Vergil, Hebrew Prophecy, and the Roman Ideal:
Aeneas as the Roman Moses
The influence of the Aeneid in shaping European ideas on religion and politics has been incalculably great, and it is the peculiarly Vergilian content of the poem, not the things borrowed from Greek models, that exercised this influence. Because strict adherence to Greek models is for Vergil, as for other Roman poets, the first law of literary composition, his own central convictions are easy to discover; they lie in his deviations from the canons of the Homeric poems.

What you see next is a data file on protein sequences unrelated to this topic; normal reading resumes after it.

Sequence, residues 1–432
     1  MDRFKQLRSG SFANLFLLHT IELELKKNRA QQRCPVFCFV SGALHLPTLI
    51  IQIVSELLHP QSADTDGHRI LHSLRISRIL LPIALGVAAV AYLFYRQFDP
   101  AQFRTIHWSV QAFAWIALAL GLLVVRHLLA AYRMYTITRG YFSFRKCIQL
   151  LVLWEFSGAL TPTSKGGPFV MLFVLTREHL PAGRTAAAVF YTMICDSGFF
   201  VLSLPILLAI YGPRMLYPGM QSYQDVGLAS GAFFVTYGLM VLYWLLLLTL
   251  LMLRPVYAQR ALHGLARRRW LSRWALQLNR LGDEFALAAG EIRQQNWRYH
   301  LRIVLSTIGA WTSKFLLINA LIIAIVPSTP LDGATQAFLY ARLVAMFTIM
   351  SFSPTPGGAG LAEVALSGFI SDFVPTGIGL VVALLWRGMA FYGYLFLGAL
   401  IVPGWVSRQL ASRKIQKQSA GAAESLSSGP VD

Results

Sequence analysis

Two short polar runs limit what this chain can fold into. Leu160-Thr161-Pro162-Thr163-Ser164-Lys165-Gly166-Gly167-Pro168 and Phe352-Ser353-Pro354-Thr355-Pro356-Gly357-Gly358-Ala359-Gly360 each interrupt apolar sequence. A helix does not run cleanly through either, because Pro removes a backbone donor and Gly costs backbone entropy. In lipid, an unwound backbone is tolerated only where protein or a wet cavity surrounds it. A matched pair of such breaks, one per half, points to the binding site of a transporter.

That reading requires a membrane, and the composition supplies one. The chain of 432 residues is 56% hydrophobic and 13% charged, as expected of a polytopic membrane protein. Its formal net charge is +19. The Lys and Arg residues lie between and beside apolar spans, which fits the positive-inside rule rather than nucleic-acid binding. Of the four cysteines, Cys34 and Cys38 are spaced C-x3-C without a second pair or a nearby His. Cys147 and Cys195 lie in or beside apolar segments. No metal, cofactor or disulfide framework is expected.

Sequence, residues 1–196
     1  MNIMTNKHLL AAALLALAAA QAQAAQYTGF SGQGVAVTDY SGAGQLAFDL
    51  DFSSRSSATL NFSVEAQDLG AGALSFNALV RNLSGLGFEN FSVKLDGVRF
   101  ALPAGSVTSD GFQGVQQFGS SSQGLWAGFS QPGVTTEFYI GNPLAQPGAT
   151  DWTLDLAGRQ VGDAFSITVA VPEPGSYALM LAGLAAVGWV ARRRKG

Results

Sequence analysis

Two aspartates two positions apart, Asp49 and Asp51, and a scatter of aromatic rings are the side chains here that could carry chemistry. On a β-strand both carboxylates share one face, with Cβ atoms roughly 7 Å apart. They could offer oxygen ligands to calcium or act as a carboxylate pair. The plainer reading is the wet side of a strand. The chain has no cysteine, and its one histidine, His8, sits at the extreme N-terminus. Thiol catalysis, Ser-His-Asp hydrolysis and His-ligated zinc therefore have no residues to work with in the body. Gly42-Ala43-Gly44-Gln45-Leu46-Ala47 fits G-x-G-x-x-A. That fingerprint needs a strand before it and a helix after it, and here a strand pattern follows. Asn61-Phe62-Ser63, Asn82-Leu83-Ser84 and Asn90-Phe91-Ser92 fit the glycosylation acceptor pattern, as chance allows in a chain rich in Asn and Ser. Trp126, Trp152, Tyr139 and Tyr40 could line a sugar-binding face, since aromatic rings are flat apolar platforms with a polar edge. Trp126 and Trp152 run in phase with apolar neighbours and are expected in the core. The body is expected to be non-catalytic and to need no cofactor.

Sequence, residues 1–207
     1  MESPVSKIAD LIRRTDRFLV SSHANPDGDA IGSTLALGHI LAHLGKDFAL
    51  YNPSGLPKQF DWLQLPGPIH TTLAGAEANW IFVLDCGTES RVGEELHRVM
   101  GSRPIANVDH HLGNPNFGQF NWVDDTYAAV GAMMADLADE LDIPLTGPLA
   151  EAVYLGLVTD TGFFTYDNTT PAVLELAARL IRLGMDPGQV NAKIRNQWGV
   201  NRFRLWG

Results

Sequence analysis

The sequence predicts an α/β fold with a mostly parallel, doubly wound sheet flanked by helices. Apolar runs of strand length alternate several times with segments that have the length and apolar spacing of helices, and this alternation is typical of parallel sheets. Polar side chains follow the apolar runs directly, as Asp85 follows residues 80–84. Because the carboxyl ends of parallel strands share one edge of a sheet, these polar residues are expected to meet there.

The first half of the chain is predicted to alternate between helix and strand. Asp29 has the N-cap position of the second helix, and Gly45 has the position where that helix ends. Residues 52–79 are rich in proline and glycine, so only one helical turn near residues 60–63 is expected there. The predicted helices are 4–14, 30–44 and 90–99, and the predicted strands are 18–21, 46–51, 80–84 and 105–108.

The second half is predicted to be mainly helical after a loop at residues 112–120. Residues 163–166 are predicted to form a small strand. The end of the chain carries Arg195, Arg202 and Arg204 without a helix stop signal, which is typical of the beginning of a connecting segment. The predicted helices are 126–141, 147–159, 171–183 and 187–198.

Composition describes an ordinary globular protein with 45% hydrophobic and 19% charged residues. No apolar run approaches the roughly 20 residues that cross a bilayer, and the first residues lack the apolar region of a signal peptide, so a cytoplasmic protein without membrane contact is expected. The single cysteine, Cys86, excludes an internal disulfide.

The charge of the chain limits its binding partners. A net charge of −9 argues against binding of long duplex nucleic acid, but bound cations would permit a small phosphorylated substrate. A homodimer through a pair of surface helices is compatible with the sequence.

The Aeneid celebrates an institution, not, as in Homer, a person; an elect and dutiful people, not a self-willed hero. It preaches Roman obedience to a divinely ordained mission, and holds out a hope that the bearers of that mission will, under Providence, bring blessings to all mankind. It is pensive to the point of melancholy, it operates with half-lights, symbols, and evocations. In all these respects, the Aeneid‘s differences from Homer and other Greek models can be readily documented, both in countless details and in the edifice as a whole. But two of these deviations, one having to do with structure and the other with motivation, are particularly worth examining. The structural device is the use of the apocalyptic—the drama of revelation in a situation of crisis—and the motivation is involved in a new concept of the hero.
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